Sunday, June 21, 2015

The current crisis of the Syrian Druze: recommended reading

The news are allover: The Druze in Syria are said to face an existential crisis. This is of course not fully true but it is undeniable that during the last weeks some extremely worrying developments have occurred:

1. ISIS has increased its activity in the East of Suwaida’. They attacked the village of Huquf on May 15, killing six inhabitants including 18 years old Mariana as-Sman. True or not, on Druze social media massive allegations circulated blaming the regime for allowing ISIS into the province. Later ISIS entered the Lajah area between Suwaida’ and Dar‘a and started to fight against rebel forces.

2. This brings us to the next hot spot, the West of Suwaida’ which is currently penetrated by different rebel groups including Jabhat an-Nusra. Especially around the Thula-airbase a fierce battle is fought. Here Druze militiamen are also involved, who had refused to fight in Dar‘a during rebel-offensive earlier this year.

3. The massacre of 23 Druze villagers by Jabhat an-Nusra in the village of Qalb Lawza last week (frequent readers of this blog might remember my earlier analysis on the Idlib Druze).

4. The situation in the Golan-Hermon region, which has been bad for the Druze villages since nearly two years and was only eased in the meantime due to a presence of on the region. Now Hizballah has enough to do in the Qalamun and the Druze are more or less on their own. The village of Hadar (situated directly on the 1973 ceasefire line with Israel) is encircled and subject to heavy shelling. In Israel the public pressure on the government to intervene in favour of the Druze is enormous.


Since I don't have time to present you a proper analysis of the current situation myself (and much is written of disputable quality about Syria's Druze these days), I recommend four articles which stand out in one way or the other:

by Aymenn al-Tamimi, Syria Comment
Al-Tamimi provides a detailed account of the events in Qalb Lawza but also a  analysis of Nusra's policies - its his best work on the Druze so far.
by Makram Rabah, Middle East Eye
A historian and frequent contributor to Lebanese pro-March 14 outlet Now, Rabah gives a sober overview of the current situation and advocates Walid Junblats pragmatic line regarding the Syrian Druze.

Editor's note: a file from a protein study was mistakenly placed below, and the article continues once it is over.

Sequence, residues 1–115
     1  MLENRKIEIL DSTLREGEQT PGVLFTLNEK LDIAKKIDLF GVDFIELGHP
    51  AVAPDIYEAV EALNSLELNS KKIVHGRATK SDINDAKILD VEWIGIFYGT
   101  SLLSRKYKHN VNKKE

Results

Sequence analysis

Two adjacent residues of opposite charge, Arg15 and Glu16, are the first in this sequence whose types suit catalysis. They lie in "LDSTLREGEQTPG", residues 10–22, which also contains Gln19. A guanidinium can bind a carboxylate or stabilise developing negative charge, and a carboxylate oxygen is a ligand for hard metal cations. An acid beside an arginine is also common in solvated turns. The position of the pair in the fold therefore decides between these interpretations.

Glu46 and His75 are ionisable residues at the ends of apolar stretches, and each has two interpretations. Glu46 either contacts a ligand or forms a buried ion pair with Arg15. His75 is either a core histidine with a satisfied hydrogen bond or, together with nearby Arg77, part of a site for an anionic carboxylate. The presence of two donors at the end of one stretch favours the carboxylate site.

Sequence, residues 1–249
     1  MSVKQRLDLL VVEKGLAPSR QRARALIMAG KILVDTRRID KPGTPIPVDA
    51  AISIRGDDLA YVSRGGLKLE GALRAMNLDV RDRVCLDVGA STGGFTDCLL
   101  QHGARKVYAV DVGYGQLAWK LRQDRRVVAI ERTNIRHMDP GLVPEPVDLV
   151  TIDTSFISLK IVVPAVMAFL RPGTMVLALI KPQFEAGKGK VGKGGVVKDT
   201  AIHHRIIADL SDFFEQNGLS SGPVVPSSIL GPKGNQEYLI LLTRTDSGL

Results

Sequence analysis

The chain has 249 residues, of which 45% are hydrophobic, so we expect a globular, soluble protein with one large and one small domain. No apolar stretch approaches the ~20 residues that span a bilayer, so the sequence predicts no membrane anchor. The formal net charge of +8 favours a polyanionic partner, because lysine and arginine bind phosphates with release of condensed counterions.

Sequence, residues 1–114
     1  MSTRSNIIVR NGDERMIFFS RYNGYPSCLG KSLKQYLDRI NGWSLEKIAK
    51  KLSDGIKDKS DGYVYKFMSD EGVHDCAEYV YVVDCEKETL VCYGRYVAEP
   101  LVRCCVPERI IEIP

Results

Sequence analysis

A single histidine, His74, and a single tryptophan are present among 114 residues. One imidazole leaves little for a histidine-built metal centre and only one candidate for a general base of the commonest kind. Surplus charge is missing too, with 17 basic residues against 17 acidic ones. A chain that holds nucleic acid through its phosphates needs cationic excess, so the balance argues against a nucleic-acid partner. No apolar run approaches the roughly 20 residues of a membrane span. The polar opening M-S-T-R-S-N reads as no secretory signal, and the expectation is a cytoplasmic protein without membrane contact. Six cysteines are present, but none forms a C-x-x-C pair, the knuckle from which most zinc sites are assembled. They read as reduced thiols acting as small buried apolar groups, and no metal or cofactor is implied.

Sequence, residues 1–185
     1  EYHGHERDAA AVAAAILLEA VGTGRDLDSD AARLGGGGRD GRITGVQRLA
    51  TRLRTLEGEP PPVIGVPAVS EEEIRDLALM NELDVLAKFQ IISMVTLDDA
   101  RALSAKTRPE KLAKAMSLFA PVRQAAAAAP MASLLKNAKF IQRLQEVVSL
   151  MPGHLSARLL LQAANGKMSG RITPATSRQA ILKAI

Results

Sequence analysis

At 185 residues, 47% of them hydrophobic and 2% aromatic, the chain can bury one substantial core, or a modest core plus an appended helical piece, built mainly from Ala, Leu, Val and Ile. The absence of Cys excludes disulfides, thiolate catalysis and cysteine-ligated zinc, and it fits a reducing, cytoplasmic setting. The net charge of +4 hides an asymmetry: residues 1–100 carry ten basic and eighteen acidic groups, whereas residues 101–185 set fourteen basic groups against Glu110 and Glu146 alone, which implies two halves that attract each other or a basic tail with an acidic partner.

by Eyad Abu Shakra, Asharq al-Awsat
In the pan-Arab Saudi-owned daily Asharq al-Awsat veteran Lebanese-British  journalist Eyad Abu Shakra, who is an expert on Druze politics, has an opinion piece discussing the implications of the Qalb Lawza massacre from the viewpoint of the Syrian opposition.

Syria’s Druze: Waging peace in times of war
Hezbollah and Israel's common interest in Syria
by Yossi Melman, The Jerusalem Post
Melman, the leading Israeli journalist regarding intelligence-issues, gives an account from an (Israeli) viewpoint of his metier and is telling some very interesting details I have found nowhere else.
Syria’s Druze: Waging peace in times of war

Tuesday, June 2, 2015

Former Syrian-Druze rebel leader dies in Austria

Former Druze rebel dies in car accident 
The Daily Star
A former Druze rebel commander in the suburbs of Damascus was killed in a car accident this weekend in Austria, his friends said. They said Hussam Dib was en route to Germany when the accident occurred. Supporters of the uprising against the Syrian regime praised Dib as the founder of the Bani Maarouf Commandos militia, which attracted rebel fighters from the Druze community as well as other sectarian affiliations in the eastern Ghouta suburbs of the capital. However, Dib’s group, which later changed its name to the Youssef al-Azmeh Brigade, was unable to continue fighting due to funding problems and pressure from Islamist militias. (...)
Hussam Dib announcing the establishmen of the Bani Ma'ruf Commando in late 2012
Swedish Journalist Carl Drott provides a fascinating account of the Dawronoye, a Christian guerrilla force, operating in Turkey, Iraq and Syria. Read all about its roots in the Turkish far left of the 1980s, its relationship with the Kurdish PKK and how its caders helped to set up the Syriac Military Council. Noteworthy is how the fighters interviewed were annoyed by the ongoing argument in the diaspora, whether they should call themselves Syriacs, Assyrian or Aramean.